Artificial coloring comes from anything that is inedible (i.e petroleum) that is processed to create chemicals of flavorings.
- Used in food and cosmetics: lipstick, toothpaste, nail polish, hair dyes and tanning spray, and they’re also added to medications and nutritional supplements.
- Artificial food coloring may make your foods more appealing and desirable.
- According to FoodSafety.gov, the FDA uses the best science available to determine whether food additives are safe. When artificial food colors are approved for use, a number of restrictions are specified, including the types of foods they can be used in, the maximum amounts in which they can be used and how the dyes should be identified on food labels. In addition, all approved food colors are subject to ongoing review, as testing methods continue to improve. FoodSafety.gov does note that while it is rare, some individuals can have allergic reactions to particular food colors. As an example, the FDA found that approximately 1 in 10,000 people could experience hives and itching after consuming the artificial food coloring Yellow No. 5 — a coloring used widely in beverages, desserts, candies and other products.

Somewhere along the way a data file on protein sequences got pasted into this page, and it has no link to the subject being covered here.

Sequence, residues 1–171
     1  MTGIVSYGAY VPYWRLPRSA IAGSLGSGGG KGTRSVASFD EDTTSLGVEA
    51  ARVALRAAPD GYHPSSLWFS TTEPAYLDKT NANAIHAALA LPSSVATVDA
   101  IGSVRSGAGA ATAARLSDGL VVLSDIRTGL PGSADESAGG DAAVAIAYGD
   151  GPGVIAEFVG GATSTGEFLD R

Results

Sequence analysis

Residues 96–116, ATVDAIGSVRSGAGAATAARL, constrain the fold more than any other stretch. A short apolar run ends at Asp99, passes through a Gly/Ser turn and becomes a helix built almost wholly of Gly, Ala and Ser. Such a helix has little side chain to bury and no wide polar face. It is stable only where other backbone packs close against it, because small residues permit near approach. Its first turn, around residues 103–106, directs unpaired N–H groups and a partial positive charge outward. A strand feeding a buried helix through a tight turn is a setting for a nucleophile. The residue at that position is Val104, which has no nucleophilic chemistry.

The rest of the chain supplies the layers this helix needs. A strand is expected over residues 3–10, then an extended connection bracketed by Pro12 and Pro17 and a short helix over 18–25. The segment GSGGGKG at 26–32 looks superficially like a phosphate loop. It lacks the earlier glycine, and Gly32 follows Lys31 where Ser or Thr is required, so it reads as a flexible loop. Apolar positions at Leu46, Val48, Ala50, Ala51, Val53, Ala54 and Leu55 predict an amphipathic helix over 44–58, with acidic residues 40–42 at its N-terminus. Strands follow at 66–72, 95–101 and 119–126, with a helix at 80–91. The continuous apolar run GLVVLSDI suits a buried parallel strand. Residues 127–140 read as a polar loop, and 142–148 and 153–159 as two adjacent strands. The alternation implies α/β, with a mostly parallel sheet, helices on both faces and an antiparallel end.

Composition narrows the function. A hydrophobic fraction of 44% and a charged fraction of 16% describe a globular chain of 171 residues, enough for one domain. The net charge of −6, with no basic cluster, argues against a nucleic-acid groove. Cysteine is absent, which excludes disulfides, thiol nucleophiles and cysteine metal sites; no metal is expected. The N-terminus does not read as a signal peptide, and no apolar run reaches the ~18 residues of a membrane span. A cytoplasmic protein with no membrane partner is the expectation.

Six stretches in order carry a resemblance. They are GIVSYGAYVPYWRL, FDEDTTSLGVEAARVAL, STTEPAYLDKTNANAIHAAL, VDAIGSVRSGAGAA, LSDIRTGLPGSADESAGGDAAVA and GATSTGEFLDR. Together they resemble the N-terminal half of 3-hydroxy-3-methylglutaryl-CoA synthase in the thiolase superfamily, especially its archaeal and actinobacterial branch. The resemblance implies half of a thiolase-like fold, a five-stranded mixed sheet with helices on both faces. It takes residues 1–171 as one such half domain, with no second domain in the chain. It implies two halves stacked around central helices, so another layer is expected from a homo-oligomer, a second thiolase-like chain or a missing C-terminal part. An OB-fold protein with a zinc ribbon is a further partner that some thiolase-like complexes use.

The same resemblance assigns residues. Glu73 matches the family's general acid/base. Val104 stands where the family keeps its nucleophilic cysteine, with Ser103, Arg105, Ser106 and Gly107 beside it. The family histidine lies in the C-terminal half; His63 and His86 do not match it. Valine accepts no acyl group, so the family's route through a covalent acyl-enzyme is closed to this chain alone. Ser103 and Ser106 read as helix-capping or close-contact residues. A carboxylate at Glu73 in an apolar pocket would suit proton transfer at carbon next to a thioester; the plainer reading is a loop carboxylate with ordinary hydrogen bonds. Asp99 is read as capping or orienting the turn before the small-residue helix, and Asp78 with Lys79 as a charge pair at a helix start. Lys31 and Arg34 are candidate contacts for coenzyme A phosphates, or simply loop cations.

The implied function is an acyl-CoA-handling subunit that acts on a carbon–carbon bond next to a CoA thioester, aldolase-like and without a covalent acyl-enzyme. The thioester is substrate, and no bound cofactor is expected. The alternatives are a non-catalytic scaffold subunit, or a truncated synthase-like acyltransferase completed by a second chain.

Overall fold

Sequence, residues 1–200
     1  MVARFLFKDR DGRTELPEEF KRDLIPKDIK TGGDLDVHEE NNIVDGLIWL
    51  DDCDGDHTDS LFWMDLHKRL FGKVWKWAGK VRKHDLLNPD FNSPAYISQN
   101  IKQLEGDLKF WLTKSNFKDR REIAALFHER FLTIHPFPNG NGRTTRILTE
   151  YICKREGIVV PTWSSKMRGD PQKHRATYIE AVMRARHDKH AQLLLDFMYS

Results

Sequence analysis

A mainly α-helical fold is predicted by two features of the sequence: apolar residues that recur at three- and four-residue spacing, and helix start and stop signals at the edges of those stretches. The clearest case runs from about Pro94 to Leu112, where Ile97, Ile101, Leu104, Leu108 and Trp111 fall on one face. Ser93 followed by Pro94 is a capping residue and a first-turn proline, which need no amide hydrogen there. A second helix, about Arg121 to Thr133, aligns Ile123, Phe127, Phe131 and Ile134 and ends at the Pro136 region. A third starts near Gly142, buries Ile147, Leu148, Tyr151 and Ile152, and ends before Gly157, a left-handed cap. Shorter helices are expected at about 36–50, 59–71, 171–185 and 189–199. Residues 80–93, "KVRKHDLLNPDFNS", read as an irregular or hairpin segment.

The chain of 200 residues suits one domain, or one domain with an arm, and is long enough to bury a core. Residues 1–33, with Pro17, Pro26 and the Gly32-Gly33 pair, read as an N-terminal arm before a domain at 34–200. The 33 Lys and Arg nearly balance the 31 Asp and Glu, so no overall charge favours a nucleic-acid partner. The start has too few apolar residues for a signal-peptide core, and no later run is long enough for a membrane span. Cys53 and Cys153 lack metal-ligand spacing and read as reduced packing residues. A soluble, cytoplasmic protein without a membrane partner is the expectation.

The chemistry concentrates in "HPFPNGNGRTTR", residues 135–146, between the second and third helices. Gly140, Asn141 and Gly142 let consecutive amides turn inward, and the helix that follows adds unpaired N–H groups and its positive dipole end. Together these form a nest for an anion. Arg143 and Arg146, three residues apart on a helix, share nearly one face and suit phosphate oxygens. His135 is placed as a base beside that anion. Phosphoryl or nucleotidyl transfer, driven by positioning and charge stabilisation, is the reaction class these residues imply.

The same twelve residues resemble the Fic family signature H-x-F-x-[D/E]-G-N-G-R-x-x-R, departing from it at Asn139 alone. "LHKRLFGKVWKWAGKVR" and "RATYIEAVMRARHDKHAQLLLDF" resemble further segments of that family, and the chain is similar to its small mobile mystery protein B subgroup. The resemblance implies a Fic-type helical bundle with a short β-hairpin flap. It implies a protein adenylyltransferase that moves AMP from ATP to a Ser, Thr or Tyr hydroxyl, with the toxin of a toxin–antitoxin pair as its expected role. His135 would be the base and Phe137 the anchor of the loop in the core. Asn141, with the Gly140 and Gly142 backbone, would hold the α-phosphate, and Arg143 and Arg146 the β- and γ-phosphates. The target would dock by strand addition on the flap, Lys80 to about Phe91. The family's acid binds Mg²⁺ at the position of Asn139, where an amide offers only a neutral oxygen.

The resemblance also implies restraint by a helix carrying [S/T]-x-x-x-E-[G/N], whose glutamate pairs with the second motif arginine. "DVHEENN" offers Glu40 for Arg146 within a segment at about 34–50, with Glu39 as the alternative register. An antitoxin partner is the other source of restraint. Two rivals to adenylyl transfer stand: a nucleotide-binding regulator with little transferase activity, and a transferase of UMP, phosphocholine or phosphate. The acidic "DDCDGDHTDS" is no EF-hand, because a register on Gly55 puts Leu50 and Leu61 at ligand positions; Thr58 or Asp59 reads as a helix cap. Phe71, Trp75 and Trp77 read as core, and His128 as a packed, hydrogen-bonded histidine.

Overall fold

According to the consumer advocacy group Center for Science in the Public Interest, artificial food coloring and food dyes present many risks to consumers. A report published by the center notes that many commonly used artificial food colors have been found to cause damage to DNA, or genotoxicity, in more studies than they were found to be safe. But the research on artificial food coloring is limited to animal studies, including mice and rats. While bladder tumors and other forms of cancer were linked to certain artificial coloring in these studies, no human trials have found links between cancer and the dyes in humans. The center still contends they are dangerous to consumers and has urged many large manufacturers to discontinue their use.
- Not known.
Source: LiveStrong, https://www.livestrong.com/article/322000-list-of-foods-containing-red-dye/